"It’s kind of a DC type thing. He was not considering his own self-promotion. He was only at the service of his art. He sacrificed himself for cinema. His writings are perhaps the most impressive part of his work. He produced huge volumes of amazing film theory that I would highly recommend.

"Over the years a lot of people who have worked in film have had mentors. I spent an enormous amount of time reading Epstein’s correspondence and his texts and basically felt like I was having a dialogue with him even though he’s gone. In a lot of ways he became my mentor."

Degradation Films (2006-2008)

Using various tools such as needles, x-rays and the ravages of time, film stock itself, as well as the images present on it, can take on new forms.

JS: "The degradation films were basically made by x-rays. They were made collectively by all the security personnel from dozens of airports around the world. I sent these films out with people who travel a lot and said ‘put it in your luggage’. So they were being x-rayed and it was this effect that little by little erased the image.

"The second one we did was of the Capital building. I filmed the footage then we gradually erased it using the x-rays of government buildings. It’s interesting to think of what filters you put a film through, whether it’s screenings or testing it on different machines. These filters you put a film through make it yield the unexpected."

The End Of The Light Age (aka 1,2,3 Whiteout) (2007)

A science-fiction fantasy combining found footage, archival materials and narrative elements to create a strange and dazzling experience.

JS: "In any urban space you are confronted with this massive illumination all the time. With Super-Max prisoners they now keep a light on constantly. You have this long tradition of light being good, this powerful force that will bring clarity to the world. So I wanted to make a science fiction film that used this notion of light as this aggressive element with a scientist that’s created a machine that produces darkness.

"We had shot most of this before we had written a script. It was sound and image that I had picked up over the years that I fed into it. It makes for an interesting approach because I could go to Lou Castel and Karine Adrover and say "this is the world you are going to be inhabiting".

"This was also one of the last 16mm films edited on the east coast. The woman who cut the negative, she’d been cutting Spike Lee’s negatives up in New York and she said "this is the last one". I miss working on an editing table as you have this physical machine that you have to move and I think that energy enters into the film."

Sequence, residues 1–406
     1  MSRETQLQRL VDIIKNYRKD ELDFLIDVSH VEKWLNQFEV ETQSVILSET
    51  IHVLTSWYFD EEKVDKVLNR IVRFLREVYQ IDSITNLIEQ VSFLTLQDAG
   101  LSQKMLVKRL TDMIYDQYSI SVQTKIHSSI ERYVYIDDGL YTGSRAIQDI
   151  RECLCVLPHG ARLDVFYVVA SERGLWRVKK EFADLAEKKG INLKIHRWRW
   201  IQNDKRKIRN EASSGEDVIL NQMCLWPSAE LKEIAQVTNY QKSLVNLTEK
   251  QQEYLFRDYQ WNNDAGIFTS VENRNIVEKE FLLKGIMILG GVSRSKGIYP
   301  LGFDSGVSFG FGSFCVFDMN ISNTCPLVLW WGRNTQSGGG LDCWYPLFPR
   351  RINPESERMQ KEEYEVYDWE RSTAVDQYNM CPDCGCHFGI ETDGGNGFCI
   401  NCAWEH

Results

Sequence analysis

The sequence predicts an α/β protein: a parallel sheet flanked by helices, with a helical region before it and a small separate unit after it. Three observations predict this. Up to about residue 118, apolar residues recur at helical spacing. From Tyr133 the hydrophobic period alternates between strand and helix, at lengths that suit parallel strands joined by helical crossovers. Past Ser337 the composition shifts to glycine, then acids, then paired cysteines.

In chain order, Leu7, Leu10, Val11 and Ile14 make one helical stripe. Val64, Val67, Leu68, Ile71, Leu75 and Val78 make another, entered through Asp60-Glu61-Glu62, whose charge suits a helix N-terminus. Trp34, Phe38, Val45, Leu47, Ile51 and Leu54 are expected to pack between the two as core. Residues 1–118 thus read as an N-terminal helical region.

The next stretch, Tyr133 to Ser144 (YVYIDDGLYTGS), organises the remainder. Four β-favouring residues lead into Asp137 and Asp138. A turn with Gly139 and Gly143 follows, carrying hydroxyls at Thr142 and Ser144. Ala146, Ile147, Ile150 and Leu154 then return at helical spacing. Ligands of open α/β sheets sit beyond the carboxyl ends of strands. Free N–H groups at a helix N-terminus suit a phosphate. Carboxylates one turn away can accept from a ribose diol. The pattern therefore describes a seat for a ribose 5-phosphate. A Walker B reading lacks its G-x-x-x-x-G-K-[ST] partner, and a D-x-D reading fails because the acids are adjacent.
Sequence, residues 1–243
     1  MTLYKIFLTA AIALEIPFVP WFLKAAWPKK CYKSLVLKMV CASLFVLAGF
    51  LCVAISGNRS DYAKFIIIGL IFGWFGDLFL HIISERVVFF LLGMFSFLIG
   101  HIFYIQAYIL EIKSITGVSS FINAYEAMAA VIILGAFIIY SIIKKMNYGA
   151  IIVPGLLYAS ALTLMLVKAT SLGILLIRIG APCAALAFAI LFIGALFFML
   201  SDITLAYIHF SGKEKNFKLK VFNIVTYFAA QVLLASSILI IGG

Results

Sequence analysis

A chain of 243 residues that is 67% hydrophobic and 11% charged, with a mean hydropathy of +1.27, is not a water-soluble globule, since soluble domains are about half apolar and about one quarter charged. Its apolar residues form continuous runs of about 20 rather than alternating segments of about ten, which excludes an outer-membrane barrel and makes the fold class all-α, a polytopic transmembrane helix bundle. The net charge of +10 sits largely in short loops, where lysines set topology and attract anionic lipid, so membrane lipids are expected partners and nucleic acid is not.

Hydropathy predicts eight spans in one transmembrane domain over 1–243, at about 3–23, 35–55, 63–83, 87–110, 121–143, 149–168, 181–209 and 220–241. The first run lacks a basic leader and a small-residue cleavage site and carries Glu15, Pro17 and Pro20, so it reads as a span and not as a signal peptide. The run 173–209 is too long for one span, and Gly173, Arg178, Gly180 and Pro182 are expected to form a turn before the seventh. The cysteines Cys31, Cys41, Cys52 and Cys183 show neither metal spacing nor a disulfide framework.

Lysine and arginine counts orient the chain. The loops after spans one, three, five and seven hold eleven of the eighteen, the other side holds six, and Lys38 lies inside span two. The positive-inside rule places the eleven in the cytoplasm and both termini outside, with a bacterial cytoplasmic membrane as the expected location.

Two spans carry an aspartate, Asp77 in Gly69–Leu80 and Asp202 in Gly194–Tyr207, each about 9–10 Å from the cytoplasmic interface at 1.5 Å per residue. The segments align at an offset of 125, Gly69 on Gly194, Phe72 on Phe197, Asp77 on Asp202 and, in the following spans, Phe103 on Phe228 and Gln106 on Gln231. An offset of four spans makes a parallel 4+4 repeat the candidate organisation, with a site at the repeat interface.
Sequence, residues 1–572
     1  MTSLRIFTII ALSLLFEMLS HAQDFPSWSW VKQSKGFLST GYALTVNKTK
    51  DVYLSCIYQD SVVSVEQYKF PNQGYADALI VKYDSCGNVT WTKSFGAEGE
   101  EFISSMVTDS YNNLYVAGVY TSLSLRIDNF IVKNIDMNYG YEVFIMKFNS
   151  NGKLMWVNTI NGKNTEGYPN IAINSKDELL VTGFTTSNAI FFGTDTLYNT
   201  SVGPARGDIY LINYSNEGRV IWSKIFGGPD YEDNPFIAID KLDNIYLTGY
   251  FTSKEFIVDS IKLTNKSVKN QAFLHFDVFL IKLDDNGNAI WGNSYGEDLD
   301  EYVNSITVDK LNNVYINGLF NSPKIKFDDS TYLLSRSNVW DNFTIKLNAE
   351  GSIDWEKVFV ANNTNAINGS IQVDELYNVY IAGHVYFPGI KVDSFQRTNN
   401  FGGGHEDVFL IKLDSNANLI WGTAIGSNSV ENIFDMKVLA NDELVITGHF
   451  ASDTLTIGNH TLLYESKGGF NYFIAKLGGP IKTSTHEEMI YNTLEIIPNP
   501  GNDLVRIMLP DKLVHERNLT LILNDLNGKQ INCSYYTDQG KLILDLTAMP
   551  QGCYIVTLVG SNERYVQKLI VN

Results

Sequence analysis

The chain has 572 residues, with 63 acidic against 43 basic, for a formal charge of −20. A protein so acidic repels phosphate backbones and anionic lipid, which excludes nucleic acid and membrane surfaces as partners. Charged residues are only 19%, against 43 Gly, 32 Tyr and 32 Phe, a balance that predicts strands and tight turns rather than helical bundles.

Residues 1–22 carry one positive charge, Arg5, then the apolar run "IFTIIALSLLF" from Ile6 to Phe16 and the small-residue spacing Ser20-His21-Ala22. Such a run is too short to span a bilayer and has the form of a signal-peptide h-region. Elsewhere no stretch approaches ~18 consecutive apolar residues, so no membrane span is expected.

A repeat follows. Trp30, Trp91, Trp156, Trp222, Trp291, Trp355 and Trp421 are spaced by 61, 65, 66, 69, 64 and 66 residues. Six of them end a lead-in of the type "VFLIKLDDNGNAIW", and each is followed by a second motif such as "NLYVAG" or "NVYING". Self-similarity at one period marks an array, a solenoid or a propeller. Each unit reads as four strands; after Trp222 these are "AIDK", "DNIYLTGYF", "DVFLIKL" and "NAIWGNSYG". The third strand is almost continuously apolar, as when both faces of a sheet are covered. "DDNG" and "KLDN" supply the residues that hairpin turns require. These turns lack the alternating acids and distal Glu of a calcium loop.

The New Ball Game (2006)

To make way for the new Washington Nationals baseball stadium, many locals in the area were forcibly evicted, a process that James documented.

JS: "I started making a film with a friend of mine who used to dance in the gay nightclubs in that particular part of DC. Then I realised the neighbourhood was going to be wiped from the face of the earth. It was part of DC that still had some life and grit to it.

"I started filming down there and getting to know the inhabitants and looking into what the politicians were up to. I cut the film together as a sort of agitprop piece before the elections of 2006. Some of the politicians were in the pocket of the development firms, so I wanted to do my part in seeing that they didn’t get elected."

Blue Is Beautiful (1997)

Rather than making a traditional tour film, James joined the legendary DC outfit The Make-Up for a semi-fictional mix of politics, provocation and propaganda.

JS: "The Make-Up had seen a film that I made with Combustible Edison called Oasis. So we decided to hit the road and write this film as we went along on a short tour they took up to Canada.

"Every night before the concerts we would talk about the different themes that were starting to emerge. Then Ian (Svenonius), the genius that he is, would weave that into the sing-speak songs that he had. So we created this integrated object.

"I was working with them as part of the band. I didn’t see much separation between what I was doing and what they were doing. I think you can see where the audience and the band are in this orgy of energy and I just dived right in with the camera and tried to be part of that."

James & Paul are currently conducting a Kickstarter campaign to complete Punk The Capital. If you’d like to contribute there is more information at

For more on James visit